French President Emmanuel Macron last week called its CEO, Jack Dorsey, to reiterate his support for the company after Twitter fell out with U.S. President Donald Trump. He also joked with Dorsey that Twitter would welcome the move of its headquarters from San Francisco to France, according to Mr. Macron’s aides. A Twitter spokesman declined to comment.
Twitter unexpectedly tagged Trump’s tweet about postal ballots late last month. Twitter has remained silent for years, despite all the questionable messages Mr. Trump has been posting.
Shortly thereafter, Twitter also ruled that Trump’s “dare rob, shoot” tweet about the U.S. riots was against the rules.
Twitter’s move has drawn strong criticism from Mr. Trump and American conservatives. But Vera Jourova, vice-president of the European Commission, which oversees values and transparency, praised Twitter for implementing a “transparent and consistent vetting policy”.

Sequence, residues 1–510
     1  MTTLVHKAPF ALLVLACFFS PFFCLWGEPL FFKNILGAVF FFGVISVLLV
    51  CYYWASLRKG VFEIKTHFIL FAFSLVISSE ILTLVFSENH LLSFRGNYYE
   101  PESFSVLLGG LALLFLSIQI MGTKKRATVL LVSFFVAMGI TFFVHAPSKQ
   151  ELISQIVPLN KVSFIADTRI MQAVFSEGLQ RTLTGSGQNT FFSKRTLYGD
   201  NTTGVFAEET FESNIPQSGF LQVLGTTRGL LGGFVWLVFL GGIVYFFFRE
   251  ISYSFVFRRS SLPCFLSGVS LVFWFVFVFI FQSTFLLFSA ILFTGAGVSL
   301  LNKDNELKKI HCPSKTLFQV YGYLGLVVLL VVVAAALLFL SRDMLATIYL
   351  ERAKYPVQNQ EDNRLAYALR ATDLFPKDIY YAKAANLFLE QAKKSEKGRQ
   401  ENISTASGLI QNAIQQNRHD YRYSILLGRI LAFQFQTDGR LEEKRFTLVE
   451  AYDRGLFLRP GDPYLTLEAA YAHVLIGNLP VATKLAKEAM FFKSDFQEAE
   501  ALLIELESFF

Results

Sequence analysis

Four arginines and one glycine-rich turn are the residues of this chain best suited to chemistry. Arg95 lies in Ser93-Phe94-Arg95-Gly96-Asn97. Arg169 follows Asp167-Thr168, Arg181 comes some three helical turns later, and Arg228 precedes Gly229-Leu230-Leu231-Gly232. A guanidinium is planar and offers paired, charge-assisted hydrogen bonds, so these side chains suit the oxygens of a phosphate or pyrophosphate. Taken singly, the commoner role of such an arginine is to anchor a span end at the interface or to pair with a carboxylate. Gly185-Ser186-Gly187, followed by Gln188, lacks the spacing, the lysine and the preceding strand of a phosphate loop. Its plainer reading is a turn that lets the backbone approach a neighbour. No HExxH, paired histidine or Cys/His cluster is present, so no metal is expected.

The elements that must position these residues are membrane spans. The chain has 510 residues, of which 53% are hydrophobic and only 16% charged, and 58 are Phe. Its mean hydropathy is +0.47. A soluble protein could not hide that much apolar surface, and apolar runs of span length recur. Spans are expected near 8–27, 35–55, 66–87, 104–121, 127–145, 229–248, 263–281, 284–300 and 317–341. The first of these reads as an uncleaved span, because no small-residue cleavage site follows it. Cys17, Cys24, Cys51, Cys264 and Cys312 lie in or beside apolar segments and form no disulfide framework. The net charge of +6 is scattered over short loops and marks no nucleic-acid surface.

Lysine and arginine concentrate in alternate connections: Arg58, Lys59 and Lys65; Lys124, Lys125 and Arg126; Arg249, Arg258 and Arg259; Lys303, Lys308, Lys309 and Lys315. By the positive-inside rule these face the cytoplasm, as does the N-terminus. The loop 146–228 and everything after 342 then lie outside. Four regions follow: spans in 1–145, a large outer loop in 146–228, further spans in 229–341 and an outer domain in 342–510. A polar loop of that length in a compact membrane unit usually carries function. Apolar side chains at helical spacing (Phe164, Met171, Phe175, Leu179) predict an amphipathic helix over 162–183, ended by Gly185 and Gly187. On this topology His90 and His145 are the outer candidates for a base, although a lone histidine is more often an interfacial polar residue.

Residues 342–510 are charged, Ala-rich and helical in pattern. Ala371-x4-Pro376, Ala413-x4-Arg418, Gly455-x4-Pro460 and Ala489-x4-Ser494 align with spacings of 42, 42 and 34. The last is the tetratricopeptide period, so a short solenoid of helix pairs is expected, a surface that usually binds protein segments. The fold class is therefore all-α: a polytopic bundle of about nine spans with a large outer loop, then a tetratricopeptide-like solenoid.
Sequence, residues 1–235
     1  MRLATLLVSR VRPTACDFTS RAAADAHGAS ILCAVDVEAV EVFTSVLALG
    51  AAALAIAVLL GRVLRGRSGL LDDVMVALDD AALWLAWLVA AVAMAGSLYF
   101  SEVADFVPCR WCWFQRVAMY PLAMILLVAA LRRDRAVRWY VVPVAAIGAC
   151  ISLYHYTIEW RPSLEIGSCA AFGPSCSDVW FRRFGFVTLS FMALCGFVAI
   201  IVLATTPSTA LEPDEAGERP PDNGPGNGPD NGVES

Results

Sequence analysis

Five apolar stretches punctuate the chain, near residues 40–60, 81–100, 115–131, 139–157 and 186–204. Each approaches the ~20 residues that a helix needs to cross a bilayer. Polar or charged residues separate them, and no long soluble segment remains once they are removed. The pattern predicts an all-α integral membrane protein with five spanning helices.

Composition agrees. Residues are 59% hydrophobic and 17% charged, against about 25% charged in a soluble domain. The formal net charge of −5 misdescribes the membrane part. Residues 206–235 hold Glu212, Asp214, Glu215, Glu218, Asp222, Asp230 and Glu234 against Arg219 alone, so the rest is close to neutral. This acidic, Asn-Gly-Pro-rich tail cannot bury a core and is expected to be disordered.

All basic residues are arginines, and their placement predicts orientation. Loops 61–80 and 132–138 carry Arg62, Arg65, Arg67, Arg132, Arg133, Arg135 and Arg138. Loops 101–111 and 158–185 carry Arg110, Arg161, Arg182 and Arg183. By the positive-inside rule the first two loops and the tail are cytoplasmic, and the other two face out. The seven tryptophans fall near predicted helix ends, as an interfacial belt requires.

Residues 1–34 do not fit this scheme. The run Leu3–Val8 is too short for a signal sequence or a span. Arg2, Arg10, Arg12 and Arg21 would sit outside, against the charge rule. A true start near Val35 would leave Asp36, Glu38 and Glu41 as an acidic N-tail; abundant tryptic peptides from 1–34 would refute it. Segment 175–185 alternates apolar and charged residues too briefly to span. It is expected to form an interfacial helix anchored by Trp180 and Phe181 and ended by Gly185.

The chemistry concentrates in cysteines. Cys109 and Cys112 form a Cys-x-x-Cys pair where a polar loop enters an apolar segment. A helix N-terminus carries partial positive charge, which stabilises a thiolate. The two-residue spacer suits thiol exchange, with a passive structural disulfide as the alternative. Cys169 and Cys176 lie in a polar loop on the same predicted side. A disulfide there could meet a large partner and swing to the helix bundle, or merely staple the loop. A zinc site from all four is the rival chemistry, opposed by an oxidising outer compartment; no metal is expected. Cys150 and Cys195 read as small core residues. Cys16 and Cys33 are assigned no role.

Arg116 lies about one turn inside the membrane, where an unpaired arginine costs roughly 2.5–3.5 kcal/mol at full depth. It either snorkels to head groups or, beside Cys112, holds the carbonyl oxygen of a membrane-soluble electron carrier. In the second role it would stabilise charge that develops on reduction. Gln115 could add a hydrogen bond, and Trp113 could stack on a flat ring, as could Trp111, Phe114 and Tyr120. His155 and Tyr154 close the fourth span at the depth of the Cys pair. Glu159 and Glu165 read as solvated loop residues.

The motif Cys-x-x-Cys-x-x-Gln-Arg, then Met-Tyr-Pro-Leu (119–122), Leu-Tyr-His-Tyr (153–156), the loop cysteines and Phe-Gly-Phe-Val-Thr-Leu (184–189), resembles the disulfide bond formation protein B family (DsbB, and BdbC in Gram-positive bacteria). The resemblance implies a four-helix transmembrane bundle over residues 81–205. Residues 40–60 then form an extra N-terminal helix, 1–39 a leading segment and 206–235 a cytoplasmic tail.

Mr. Macaron’s aides say he wants platforms to comply with European and French content regulations, which are usually more stringent than in the US.
The aide added that France welcomes any company that feels threatened at home.
When Macron sits in the 2017 presidential election, he has made attracting foreign companies and investors a major selling point.
At the 2018 Paris Internet Regulatory Forum, Macron also supported stronger Internet regulation and repeatedly pledged to crack down on fake news.
But the French government has also recently faced some resistance, forcing it to cancel a tool to mark the authenticity of news related to the new crown pneumonia. The French government was forced to shut down the website, called Desinfox, because of a breach of press freedom.
According to Macaron’s aides, he and Dorsey communicate once or twice a year. The CEO also visited Macaron’s office last year.